CO-OPERATIVES UK chairman Bob Burlton delivered a generally upbeat performance review to Congress, but warned struggling small societies that it was wrong for them to continue using up inherited assets without seeking help on future strategies and direction.
Mr Burlton (right) told Congress that, for the second year in succession, there had been a general improvement by the Movement in 2002, with turnover up to nearly £ 12.6 billion; net profits soaring by 18.3 per cent to £ 320 million and trading profit after depreciation rising by £ 54 million to £ 351 million.
However due to the £ 280 million write-down of CIS investments as a result of stock market fluctuations, £ 125 million had been transferred from reserves.
"There has been a modest, but definite upward movement of net profit and trading profit," said Mr Burlton. "But none of us should delude ourseves into thinking the performance of our retail sector is satisfactory and we must continue to strive for further improvement."
He pointed out that although the return on capital employed in UK co-ops was 6.9 per cent in 2002, this still fell well short of the 10 per cent target set by the Co-operative Commission.
The statistics released by Co-operatives UK at Congress show the expanding Phone Co-op as Britain's most successful co-op in terms of return on capital employed last year, though their 16.7 per cent has been distorted by the fact that capital employed includes cash used in the business.
Radstock Society achieved a 14.4 per cent return on capital employed, but again this figure is overstated because no revaluation to current value of land and buildings was available.
So, excluding the Phone Co-op and Radstock Society, the top performing society in terms of return on capital employed was Colchester & East Essex Co-op with 12.3 per cent; followed by United Co-operatives (9.3 per cent); Lincoln and Heart of England (both 8.8 per cent) and Channel Islands (8 per cent).
Two Scottish societies, Lothian, Borders & Angus and the small Nith Valley Co-op also achieved figures of almost 10 per cent, but again Co-operatives UK statistician Steven Kay says the per centages are likely to be inflated becuse of the absence of land and property revaluations.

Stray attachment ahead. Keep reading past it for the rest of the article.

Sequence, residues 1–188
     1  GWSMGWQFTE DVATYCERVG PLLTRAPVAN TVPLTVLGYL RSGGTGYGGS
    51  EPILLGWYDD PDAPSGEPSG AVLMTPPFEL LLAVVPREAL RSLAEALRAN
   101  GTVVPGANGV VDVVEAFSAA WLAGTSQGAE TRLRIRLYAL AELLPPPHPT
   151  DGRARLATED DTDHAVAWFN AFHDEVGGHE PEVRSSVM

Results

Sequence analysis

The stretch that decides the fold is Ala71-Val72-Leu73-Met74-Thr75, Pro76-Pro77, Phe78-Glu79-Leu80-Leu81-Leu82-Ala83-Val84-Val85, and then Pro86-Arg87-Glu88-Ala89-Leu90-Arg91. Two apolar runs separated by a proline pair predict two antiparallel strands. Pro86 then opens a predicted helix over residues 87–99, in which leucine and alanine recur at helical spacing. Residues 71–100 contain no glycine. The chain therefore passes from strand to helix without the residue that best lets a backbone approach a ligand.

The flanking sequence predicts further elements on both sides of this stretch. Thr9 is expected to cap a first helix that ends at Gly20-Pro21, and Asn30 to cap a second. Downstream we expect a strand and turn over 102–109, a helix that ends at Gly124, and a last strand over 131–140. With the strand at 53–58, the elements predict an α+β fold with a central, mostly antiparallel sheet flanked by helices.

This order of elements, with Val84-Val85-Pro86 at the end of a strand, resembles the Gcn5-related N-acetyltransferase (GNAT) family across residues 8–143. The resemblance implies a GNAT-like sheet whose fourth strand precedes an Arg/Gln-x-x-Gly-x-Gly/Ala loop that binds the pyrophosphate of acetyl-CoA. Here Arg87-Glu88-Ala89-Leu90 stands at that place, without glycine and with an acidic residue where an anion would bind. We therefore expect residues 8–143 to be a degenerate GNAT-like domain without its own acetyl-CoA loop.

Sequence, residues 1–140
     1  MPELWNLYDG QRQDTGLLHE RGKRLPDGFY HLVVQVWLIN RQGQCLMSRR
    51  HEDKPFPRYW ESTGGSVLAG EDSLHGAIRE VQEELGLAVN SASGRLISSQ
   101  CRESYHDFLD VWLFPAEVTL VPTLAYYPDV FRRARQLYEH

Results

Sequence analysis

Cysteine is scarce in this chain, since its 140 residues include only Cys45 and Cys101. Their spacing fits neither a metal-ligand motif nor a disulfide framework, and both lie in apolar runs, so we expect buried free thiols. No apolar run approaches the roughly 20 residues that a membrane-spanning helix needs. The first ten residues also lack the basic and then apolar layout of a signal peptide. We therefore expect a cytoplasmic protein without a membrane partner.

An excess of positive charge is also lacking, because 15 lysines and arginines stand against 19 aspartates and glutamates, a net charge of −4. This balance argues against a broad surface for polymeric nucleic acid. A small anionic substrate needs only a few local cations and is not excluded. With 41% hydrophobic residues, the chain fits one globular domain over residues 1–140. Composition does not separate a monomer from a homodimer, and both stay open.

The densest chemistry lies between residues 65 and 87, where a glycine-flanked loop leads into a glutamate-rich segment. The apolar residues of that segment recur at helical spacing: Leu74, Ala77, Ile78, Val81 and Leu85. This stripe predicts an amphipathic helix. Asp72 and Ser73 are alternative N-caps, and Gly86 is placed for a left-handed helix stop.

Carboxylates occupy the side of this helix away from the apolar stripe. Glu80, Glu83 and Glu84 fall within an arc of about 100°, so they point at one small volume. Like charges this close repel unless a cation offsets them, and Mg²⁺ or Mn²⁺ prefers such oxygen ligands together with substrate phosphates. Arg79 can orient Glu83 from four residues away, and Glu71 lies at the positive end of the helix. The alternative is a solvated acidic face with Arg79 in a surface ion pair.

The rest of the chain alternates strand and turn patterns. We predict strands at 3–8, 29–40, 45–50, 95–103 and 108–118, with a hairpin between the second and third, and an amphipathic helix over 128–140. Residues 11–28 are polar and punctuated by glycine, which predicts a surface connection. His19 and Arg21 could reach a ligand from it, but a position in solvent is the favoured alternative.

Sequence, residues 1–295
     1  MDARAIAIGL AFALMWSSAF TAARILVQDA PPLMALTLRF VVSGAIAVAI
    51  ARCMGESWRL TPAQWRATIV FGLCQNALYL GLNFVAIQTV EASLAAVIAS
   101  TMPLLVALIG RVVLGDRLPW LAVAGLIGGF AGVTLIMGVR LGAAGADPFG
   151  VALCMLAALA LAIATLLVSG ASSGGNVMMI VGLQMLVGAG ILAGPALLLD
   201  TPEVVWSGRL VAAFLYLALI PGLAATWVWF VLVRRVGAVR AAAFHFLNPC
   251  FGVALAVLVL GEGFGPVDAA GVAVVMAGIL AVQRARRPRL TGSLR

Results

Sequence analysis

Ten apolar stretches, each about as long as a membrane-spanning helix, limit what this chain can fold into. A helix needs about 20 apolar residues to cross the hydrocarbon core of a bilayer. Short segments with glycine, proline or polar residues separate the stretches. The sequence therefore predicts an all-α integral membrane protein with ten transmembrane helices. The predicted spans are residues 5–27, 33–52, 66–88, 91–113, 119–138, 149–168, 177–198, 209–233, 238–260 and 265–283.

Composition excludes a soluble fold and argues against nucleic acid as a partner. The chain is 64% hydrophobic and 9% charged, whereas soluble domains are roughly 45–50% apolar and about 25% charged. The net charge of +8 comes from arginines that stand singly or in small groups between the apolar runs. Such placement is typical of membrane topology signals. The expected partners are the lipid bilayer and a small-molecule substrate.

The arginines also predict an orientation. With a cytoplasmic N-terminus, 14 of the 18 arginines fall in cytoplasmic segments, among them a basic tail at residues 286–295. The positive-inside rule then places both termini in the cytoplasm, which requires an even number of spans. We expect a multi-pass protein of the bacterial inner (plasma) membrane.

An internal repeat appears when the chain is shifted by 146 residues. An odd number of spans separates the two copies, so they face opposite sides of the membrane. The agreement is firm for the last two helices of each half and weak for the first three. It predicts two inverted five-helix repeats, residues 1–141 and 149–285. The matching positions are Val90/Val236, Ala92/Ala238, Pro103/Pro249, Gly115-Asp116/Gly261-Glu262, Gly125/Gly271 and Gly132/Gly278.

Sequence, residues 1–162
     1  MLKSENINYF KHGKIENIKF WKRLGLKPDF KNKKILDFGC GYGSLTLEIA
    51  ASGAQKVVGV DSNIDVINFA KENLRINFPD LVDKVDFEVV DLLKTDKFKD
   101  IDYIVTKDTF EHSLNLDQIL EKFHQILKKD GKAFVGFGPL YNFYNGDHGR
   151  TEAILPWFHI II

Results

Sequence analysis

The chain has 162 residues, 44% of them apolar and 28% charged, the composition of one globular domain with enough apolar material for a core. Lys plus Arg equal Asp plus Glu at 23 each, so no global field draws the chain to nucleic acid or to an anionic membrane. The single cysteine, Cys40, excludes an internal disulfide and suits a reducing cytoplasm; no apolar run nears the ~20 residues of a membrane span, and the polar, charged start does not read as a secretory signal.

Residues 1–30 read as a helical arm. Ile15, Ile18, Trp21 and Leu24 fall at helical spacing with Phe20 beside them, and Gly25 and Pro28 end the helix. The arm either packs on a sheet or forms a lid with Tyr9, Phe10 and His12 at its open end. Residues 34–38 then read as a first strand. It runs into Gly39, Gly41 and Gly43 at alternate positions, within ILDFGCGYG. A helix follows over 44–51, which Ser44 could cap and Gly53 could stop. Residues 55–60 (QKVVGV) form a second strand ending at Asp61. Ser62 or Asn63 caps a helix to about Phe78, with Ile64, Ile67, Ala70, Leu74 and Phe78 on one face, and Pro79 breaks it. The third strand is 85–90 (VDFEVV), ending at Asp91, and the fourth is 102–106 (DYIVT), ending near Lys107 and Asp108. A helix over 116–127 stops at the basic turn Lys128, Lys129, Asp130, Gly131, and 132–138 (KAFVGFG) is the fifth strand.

Mr Burlton told Congress that the results from some small societies were less satisfactory and raised serious concerns about their futures. He said Co-operatives UK would do all it could to help under-performing societies; insisting that it was wrong for co-ops to survive simply by using assets accrued by previous generations and urged directors of struggling co-ops to seek help quickly.
But the chairman wanted to finish on an upbeat note and commented that the process of reversing the Movement's decline was now well underway.
Mr Burlton said the Co-operative Group's acquisition of the Alldays chain, while not fully reflected in the performance review, had put the Movement in pole position the convenience store market. There are now over 3,000 Co-op food stores in the UK and the Movement now has a 5.8 per cent share of the market ? a figure that is likely to rise once the full impact of the Alldays acquisition is known.
"We have been in retreat for some years past, but now there is evidence that the sleeping Co-op giant is reawakening," said Mr Burlton. "Last year's increase to 5.8 per cent grocery market share is a small, but significant step in the right direction.
"Now the aim is to get that market share past the 6 per cent mark and Co-operatives UK will do everything in our power to make it happen."